SPAIN BOOK REVIEW: May – ‘Spain in our Hearts’ by Adam Hochschild

Spain in our Hearts
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From the acclaimed, best-selling author Adam Hochschild, a sweeping history of the Spanish Civil War, told through a dozen characters, including Ernest Hemingway and George Orwell: a tale of idealism, heartbreaking suffering, and a noble cause that failed
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For three crucial years in the 1930s, the Spanish Civil War dominated headlines in America and around the world, as volunteers flooded to Spain to help its democratic government fight off a fascist uprising led by Francisco Franco and aided by Hitler and Mussolini. Today we’re accustomed to remembering the war through Hemingway’s For Whom the Bell Tolls and Robert Capa’s photographs. But Adam Hochschild has discovered some less familiar yet far more compelling characters who reveal the full tragedy and importance of the war: a fiery nineteen-year-old Kentucky woman who went to wartime Spain on her honeymoon, a Swarthmore College senior who was the first American casualty in the battle for Madrid, a pair of fiercely partisan, rivalrous New York Times reporters who covered the war from opposites sides, and a swashbuckling Texas oilman with Nazi sympathies who sold Franco almost all his oil — at reduced prices, and on credit.
It was in many ways the opening battle of World War II, and we still have much to learn from it. Spain in Our Hearts is Adam Hochschild at his very best.
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Adam Hochschild is back with his usual expressive and emotional narrative, this time to take on the Spanish Civil War from an American point-of-view. The Spanish Civil War has been written as two sides of the same nation – one banded together with the workers, the artists, the intellectuals, all bolstered by wide-eyed international volunteers, pitted against the Nationalists; the fascist, the army, the Catholic church and the wicked landowners.
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So many tales tell of a romantic story, where optimists from many countries shipped to Spain in order to take on the ‘bad guys’. But Hochschild doesn’t take this typical view – rather he focuses on the facts of those who left the United States, and how their opinions and images could do more than the fighters on the ground. The book tells of how blatant lies were made up to oversell the Republicans power, or to tell total lies about Franco. With the United States continuing an embargo due to the war having a big effect on the outcome, Hochschild also then turns to unknown names, who in fact made a big contribution to  the war, then lost, despite all their efforts. Stories of individual Americans who fought and died in Spain are brought to life without the romance of being renegades or fighters of fascism, destroying the sometimes outdated notions of fighting in someone else’s battle.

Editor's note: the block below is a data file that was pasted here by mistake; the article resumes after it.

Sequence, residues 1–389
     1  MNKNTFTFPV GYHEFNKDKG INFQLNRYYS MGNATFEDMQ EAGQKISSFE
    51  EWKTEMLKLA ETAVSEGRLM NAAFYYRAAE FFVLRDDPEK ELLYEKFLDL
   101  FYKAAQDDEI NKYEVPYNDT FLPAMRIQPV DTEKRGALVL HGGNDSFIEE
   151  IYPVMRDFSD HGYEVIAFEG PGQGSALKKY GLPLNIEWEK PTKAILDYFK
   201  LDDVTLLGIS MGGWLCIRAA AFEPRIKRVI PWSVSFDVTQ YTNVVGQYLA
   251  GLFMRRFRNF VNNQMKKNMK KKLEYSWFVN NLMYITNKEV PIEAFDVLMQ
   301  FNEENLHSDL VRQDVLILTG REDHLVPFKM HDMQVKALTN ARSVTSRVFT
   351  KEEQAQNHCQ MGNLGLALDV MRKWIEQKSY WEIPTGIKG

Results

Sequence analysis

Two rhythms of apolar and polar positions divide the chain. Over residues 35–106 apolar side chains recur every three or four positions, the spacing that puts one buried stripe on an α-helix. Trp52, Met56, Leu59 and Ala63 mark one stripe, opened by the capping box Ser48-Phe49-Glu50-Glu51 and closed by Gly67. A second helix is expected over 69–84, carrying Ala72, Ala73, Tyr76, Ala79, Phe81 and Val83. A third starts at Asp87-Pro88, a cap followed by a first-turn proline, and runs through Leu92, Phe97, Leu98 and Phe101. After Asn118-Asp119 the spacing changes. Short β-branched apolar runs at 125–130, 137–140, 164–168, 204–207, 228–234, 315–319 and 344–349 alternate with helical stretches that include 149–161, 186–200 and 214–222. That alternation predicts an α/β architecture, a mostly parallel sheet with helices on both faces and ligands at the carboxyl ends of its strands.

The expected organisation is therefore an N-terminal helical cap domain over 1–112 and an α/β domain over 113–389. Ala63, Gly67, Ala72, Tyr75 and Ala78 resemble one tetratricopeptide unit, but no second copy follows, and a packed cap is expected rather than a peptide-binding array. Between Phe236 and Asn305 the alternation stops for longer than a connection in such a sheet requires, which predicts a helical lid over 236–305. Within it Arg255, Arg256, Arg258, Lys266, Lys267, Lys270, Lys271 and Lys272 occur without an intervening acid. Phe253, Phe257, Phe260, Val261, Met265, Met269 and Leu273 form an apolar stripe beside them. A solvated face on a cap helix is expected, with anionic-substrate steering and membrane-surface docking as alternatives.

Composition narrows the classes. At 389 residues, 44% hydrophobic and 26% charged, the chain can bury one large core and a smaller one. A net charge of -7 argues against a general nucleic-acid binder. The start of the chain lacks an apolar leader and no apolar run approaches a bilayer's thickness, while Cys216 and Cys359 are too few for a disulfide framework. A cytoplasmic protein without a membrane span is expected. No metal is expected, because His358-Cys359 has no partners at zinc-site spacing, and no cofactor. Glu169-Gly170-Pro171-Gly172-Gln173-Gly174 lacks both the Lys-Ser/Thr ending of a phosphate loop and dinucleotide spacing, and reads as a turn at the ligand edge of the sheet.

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With heavyweights such as Hitler, Mussolini and Stalin all weighing in on the war in Spain, the world now knows that the civil war was a prelude for WWII, one that could have been altered with American and British help, and could have changed the world forever. The realities for Americans who went to Spain to fight, those wounded, killed in battle, or tortured and executed as prisoners, tell a more honest account of what it meant to leave the US for Spain.
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If you don’t know the story of Spanish Civil War, here is a great book which will give you fresh insight, without laying a glossy layer over what it meant to believe in the Republicans. Definitely worth the read. In a war which had so many sides, hastily cast together on the front line, it is individual stories that deserve to shine.
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